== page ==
In 1891, Dr Joseph M Taylor built the first observatory on the University of Washington campus. According to the Jacobsen Observatory’s own site (which, interestingly enough is operated outside of the UW site), the first observatory was built by Taylor himself between teaching classes, employing carpenters to build the frame and a mason to professionally mount the telescope. I dearly wish this information was sourced, as it sounds rather too fantastic and anecdotal for my preferences (but then again, maybe maths professors in the late 19th century were super human, I don’t know).
When the University campus moved, less than a decade later, a new observatory was constructed; it was designed by the same architect, Charles Saunders, who designed the Administrative building, now Denny Hall. The Observatory is the second oldest building on campus (in line directly behind Denny Hall) and was build out of the remaining sandstone from the Administrative construction.
In 1912, the water tower that had been near the observatory was converted into a chime tower. This lasted until 1949 when the chime tower was damaged in a fire and was not reconstructed. In 1928, the UW hired one Theodor S. Jacobsen as the astronomy professor. He taught for 37 years as the only astronomy professor at the school.
Even in its earliest state, on the old campus downtown, the observatory has had a goal of reaching out to the public and exposing them to the wonders of the stars (weather permitting of course). This tradition continues even now, the same telescope Dr. Taylor installed in the 1891 observatory (a 6-in refracting Warner & Swasey) that was refurbished in the ‘90s.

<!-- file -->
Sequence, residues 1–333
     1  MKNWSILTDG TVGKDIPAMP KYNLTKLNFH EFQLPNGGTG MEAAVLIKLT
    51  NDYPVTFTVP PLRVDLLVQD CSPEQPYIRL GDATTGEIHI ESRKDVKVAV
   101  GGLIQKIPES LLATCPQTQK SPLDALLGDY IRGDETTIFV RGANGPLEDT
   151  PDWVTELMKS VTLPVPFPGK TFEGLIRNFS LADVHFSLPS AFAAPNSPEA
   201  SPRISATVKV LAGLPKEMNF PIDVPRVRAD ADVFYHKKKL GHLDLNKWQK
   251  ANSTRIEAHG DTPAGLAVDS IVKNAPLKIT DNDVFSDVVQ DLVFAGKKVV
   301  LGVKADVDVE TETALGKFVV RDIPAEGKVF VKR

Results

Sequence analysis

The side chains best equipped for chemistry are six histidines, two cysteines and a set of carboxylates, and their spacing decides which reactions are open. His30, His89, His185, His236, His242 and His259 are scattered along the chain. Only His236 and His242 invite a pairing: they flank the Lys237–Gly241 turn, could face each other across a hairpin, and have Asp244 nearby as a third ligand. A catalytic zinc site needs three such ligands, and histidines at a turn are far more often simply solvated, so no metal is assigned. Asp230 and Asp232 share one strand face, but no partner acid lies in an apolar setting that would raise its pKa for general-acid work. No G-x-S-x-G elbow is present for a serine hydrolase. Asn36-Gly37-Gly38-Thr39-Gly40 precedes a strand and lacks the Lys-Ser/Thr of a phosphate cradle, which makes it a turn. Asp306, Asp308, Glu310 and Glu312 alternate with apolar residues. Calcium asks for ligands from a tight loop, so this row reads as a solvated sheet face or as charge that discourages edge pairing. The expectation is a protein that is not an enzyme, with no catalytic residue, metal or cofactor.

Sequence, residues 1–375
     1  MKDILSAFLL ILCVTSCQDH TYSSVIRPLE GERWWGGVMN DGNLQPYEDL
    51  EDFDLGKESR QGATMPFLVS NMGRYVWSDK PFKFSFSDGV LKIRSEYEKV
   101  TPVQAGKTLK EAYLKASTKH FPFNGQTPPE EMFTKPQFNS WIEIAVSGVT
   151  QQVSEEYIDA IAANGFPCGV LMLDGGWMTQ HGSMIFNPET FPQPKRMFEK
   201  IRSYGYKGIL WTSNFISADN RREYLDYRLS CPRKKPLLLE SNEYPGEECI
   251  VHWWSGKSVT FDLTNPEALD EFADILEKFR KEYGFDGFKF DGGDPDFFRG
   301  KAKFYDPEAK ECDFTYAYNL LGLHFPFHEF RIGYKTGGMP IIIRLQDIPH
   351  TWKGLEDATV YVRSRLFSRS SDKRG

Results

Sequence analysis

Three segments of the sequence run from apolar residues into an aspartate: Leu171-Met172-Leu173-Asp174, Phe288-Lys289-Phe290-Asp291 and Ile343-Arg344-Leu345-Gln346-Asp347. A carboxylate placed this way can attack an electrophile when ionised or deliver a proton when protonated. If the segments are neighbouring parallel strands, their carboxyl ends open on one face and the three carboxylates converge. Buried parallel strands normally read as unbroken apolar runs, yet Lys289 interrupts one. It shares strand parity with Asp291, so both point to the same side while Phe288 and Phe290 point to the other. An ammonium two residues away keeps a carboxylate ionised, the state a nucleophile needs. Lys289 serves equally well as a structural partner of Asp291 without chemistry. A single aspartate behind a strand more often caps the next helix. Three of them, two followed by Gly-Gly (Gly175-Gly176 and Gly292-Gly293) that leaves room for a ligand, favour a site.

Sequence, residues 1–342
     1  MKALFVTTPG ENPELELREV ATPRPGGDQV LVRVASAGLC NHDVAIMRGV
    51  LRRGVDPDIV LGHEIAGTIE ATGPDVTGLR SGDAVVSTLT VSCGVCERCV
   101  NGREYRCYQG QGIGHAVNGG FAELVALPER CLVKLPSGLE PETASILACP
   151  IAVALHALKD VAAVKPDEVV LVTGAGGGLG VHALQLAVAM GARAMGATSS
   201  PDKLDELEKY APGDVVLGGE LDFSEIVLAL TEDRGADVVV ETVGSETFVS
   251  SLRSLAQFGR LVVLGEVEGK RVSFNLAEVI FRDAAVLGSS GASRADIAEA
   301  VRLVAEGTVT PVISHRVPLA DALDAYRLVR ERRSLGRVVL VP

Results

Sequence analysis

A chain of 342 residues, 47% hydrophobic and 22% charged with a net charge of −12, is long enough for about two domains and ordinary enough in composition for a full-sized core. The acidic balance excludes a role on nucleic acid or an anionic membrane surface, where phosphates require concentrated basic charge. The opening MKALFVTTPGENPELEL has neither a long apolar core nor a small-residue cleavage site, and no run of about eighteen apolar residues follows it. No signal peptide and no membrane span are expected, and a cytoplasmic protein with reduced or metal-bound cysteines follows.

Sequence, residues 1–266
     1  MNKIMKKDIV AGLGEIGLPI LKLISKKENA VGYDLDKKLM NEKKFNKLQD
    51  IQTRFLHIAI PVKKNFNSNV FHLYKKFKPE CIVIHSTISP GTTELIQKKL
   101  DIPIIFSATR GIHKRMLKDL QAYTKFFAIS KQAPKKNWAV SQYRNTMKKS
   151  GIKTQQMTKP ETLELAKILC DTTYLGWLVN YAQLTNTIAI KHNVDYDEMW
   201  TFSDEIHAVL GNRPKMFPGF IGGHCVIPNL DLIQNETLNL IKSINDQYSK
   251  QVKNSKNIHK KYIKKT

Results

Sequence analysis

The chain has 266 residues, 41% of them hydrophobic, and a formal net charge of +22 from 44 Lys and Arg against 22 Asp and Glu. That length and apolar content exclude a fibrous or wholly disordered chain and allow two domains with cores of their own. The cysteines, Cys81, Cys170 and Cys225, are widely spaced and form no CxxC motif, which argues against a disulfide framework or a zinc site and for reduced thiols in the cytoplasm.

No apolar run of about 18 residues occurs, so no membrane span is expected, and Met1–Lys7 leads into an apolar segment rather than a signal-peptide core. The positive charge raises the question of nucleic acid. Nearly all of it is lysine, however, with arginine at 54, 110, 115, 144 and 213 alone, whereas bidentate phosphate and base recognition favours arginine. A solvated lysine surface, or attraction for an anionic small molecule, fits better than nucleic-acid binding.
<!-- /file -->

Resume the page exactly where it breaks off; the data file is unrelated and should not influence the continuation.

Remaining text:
The observatory remains on campus, just across from the Burke Museum. The historic building seems, like its older sibling, Denny Hall, lost in time and tucked away in a forgotten corner of the University Campus.
From doing research, the information on a minor building, such as the observatory, seems to be surprisingly difficult to find. I could find a lot of information on the telescope inside the building, articles about the chime tower burning down, and advertisements for sky-viewing within the observatory; but there wasn’t a lot to be gleaned from about the building itself. One source would claim that Dr. Taylor designed the building himself (I guess it was the old, wooden building on the old, downtown campus?), and other than the building being the second oldest on campus that was about it.
Observatories and Instruments: A great piece on a great building. There’s a link to the survey from the ’70s when it was being made a historic building.